The first time I ventured into the Valle de Guadalupe I ended up driving in odd, winding patterns of dirt roads that sometime went to nowhere. I remember spending an hour and a half to try a find the last Russian family winery in the Valle: Chateau Bibayoff. An old man pulled up next to me while I was laying down some thick branches so I could cross a stream of water that had blocked my path--I wouldn't have made it across without it. He asked where I was going and I said Bibayoff, "well, I'm Bibayoff", said the man, "follow me!"
Every path, every bumpy,dusty road holds some promise in the Valle de Guadalupe, whether it be a new winery, an cheese artisan, a roadside olive oil producer, a chorizo maker, or some undiscovered restaurant. It was a quiet morning in the western edge of the Valle de Guadalupe, near El Tigre, that I noticed an official wine country hand-carved wooden plaque for La Cocina de Doña Esthela. Over the hill I went on a scarred road barely suitable for conventional transportation to the home, farm, and kitchen table of Esthela, a baker, traditional Sinaloan cook, and cheese maker. There is no better way to start your day tasting Mexican wine in the Valle than with a profoundly, rich menudo blanco, birria de borrego cooked in an adobe oven, or hunks of salty queso fresco made from the milk of the family cow.
|Burrito de choriqueso|
On my first visit to Esthela's humble, inviting kitchen I arrived at a slow time of the day and was offered seating inside her house, right at the kitchen table. I had spotted the adobe oven as I was walking inside, so I was in for whatever was coming out of there--in this case: birria de borrego, or barbecued lamb. It was more than a delicious plate of food; it was a confirmation of excellence--I trusted from the first taste that all her cooking would be exceptional. A hefty serving of homemade chorizo and melted cheese secreting orange oils onto a flour tortilla was prepared without regard for serving size or tradition--" I made it big because you look hungry", said Esthela.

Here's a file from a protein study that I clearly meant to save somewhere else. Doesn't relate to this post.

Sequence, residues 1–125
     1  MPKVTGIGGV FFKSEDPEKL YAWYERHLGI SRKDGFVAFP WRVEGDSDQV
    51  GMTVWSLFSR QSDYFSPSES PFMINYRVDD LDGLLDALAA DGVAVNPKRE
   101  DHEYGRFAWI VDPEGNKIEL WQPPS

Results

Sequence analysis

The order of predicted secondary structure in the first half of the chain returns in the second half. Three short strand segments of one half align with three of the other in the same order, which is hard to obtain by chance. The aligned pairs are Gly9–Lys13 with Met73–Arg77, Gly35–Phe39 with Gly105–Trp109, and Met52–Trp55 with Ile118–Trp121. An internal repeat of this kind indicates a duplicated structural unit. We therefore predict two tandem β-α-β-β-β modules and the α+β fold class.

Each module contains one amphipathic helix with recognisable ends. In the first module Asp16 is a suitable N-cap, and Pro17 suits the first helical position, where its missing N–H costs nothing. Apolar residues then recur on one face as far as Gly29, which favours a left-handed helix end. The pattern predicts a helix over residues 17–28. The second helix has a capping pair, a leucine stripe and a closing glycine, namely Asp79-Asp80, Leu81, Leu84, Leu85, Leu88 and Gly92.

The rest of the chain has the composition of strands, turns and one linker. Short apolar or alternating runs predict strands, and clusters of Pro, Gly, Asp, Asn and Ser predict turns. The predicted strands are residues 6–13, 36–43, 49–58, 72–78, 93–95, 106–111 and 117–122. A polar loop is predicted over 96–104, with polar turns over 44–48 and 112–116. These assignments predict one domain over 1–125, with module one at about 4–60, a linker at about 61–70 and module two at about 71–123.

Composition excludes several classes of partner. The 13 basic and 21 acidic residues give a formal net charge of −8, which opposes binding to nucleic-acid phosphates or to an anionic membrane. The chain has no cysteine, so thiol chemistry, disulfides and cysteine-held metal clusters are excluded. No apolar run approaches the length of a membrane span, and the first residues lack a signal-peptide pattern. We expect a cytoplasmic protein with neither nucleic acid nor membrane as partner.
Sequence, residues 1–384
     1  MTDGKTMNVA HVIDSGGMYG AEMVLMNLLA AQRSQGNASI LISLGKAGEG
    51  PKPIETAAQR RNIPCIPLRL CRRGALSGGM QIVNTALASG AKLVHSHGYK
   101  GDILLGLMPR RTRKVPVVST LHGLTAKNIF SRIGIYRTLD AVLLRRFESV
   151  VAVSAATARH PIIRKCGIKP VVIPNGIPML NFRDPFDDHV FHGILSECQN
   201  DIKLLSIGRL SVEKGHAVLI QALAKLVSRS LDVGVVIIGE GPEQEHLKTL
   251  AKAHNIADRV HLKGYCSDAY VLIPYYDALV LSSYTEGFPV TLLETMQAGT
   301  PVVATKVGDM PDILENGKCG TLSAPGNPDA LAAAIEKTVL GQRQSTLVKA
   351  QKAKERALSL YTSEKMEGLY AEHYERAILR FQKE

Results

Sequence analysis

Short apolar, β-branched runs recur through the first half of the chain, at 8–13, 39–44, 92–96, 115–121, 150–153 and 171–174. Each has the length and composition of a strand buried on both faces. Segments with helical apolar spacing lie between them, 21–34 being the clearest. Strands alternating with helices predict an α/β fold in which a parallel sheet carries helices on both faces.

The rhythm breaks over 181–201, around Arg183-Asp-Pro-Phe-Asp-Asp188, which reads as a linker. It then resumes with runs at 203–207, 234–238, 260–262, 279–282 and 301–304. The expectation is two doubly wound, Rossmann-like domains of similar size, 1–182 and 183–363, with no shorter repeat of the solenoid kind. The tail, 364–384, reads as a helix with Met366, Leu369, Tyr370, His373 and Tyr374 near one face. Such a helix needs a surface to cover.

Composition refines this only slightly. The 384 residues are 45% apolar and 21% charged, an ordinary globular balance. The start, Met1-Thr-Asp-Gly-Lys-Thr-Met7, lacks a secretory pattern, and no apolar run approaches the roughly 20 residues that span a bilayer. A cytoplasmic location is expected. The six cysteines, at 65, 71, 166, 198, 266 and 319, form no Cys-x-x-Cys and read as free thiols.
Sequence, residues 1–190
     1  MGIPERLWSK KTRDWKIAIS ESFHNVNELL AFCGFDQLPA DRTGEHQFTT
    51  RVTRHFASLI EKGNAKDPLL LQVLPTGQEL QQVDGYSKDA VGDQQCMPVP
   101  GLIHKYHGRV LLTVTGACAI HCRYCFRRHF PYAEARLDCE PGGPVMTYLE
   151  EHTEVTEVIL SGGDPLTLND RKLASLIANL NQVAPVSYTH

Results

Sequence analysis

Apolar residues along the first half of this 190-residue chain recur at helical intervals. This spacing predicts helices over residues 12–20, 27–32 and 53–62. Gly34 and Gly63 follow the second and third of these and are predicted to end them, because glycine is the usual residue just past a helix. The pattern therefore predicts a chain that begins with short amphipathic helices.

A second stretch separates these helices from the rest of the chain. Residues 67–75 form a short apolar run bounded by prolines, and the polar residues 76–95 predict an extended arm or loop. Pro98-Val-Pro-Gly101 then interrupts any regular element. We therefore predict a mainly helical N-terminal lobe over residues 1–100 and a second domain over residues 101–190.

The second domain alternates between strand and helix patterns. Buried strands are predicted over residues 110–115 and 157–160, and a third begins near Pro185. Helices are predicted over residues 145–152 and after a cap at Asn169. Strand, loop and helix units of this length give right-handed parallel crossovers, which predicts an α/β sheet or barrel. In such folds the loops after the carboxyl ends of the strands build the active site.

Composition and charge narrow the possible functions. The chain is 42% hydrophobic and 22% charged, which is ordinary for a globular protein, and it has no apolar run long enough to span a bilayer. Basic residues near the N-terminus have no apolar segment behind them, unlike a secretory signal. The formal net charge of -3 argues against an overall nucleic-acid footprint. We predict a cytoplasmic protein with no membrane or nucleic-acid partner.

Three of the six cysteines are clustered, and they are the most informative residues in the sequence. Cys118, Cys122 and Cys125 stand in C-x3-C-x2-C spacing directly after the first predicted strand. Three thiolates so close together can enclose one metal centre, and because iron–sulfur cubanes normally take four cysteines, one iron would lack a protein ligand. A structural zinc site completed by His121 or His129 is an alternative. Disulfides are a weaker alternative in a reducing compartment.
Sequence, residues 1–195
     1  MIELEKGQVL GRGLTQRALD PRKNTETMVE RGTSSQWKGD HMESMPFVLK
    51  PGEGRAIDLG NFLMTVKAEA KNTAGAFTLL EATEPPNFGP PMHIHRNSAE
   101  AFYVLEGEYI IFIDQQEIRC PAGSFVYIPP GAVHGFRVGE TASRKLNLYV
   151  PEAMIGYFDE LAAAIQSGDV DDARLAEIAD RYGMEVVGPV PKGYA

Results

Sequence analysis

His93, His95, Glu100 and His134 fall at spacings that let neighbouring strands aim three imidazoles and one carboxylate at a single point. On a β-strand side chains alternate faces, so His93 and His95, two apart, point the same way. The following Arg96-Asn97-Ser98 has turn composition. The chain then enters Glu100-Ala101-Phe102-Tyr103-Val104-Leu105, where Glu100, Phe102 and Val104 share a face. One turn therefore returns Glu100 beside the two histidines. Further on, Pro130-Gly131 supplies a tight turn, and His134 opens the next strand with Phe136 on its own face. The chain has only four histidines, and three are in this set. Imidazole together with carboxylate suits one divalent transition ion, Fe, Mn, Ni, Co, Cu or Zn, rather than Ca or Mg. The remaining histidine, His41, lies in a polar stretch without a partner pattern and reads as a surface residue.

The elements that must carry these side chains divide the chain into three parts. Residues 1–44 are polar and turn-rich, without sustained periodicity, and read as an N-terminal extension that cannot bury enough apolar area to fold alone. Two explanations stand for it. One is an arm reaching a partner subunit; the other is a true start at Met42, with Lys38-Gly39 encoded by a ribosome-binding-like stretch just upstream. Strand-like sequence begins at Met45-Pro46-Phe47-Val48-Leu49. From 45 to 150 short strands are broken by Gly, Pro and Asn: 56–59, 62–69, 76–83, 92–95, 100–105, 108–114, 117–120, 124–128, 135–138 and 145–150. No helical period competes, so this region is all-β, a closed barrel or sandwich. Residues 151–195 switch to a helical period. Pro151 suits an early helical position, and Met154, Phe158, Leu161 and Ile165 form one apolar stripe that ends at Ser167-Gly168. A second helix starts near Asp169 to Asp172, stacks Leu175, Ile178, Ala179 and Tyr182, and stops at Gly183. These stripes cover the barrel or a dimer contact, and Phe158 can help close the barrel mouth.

|Homemade queso fresco|
She then showed off her bowl milk forming into the delicious queso fresco Esthela serves as an complimentary starter, and the fancy olive oil she used from a nearby winery.
|Costillas en salsa roja|
Weekends are when there is a crowd that's been building by word of mouth--they're even diners from the greater Los Angeles area that come to the Valle just for a bowl of Sinaloan style costillas en salsa roja(pork ribs in red chiles) bursting with rich pork and dark, fruity flavors of dried chiles with a simple flavor base that has been cooked at the right temperature and for the optimal length of time. Esthela is a master cook--she cooks in an original fashion you'd only find in the best fondas of Mexico. You want some extra heat?--Esthela will walk out to the garden and snip some painfully hot green peppers that are similar to a habanero.
|Lucky diners at La Cocina de Doña Esthela|
There's machaca, of course--a proper Sinaloan kitchen couldn't be without this dish of dried beef jerky that's nicely browned here to give it a pleasurable crisp. Roll it up in Esthela's fresh flour tortillas and drag it through her ultra-savory frijoles puercos, or refried beans amplified by pork lard.